Senao mulls consumer move

Networking products vendor Senao is considering beefing up its presence in the consumer market and is looking at signing up distributors to strengthen its end-user channel-to-market in the Middle East.

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By  Alex Malouf Published  December 14, 2004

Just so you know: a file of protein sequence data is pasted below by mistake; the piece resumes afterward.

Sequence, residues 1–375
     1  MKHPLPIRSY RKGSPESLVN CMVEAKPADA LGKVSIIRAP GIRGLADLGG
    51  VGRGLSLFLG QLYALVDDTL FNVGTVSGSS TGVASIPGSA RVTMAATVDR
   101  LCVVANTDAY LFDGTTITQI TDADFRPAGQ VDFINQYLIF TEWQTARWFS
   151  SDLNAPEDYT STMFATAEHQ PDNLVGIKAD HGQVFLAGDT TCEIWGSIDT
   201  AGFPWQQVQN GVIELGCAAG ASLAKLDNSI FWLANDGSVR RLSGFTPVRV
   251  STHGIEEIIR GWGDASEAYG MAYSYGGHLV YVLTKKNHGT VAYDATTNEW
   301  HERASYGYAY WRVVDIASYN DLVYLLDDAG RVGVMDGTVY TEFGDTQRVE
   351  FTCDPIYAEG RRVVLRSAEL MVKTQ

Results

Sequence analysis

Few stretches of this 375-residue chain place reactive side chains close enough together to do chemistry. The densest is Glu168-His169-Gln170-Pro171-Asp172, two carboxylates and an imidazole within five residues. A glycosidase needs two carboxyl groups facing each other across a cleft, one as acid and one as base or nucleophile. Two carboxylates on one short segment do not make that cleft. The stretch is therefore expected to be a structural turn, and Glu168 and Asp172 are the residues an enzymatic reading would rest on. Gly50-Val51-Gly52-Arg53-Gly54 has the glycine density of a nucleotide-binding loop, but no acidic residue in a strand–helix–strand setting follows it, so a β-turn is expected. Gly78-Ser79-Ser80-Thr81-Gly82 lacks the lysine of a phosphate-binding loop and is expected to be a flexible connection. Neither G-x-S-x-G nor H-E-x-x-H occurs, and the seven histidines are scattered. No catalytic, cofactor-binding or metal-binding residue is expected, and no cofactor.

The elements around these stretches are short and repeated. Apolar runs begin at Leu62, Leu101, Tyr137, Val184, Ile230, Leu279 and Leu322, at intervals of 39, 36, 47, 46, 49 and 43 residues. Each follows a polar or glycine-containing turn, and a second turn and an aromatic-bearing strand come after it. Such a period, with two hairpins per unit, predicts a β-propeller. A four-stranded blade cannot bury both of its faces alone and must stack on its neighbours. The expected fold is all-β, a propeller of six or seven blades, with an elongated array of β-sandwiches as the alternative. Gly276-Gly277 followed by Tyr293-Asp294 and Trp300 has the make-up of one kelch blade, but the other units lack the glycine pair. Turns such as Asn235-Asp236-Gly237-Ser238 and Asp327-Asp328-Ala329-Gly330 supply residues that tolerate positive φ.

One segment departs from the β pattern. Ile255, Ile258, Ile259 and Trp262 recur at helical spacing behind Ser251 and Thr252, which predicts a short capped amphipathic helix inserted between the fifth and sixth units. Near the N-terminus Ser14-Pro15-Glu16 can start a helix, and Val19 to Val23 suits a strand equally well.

Networking products vendor Senao is considering beefing up its presence in the consumer market and is looking at signing up distributors to strengthen its end-user channel-to-market in the Middle East. “We have been active and focused on the corporate market until now, but a shift may be in the offing,” said Asim Sajwani, business development manager at Senao Middle East. “We have a vast product line but have traditionally not been a major player in the end-user market, even though we do have some presence.” Sajwani reckons booming demand for wireless networking products has stretched the manufacturing capacity of the whole sector — including Senao’s. The completion of several new Senao facilities will help the vendor meet demand. “We had our factories working 24 hours a day and were still not able to hit the numbers needed. Now that we have added to our manufacturing base, we will meet demand and if the capacity exists to produce more then we will shift our gaze to the consumer segment,” said Sajwani. As Senao has focused on the corporate networking business — working with service providers and system integrators — any shift to consumer kit would need a volume channel approach. The vendor is exploring potential tie-ups with distributors to build an effective channel-to-market in the region. “New appointments could be on their way in the next few months. As end-users become more interested in wireless products and the technology comes down in price, the business will soar. But we are trying to brand Senao as a different kind of product and stand out from the crowd,” Sajwani concluded. Taiwan-based Senao offers a broad range of networking products, from enterprise-class wireless routers to USB adapters, and also manufactures telecommunications equipment. Revenues for the first three quarters of 2004 have been up 14% versus last year’s figures, standing at US$526m.

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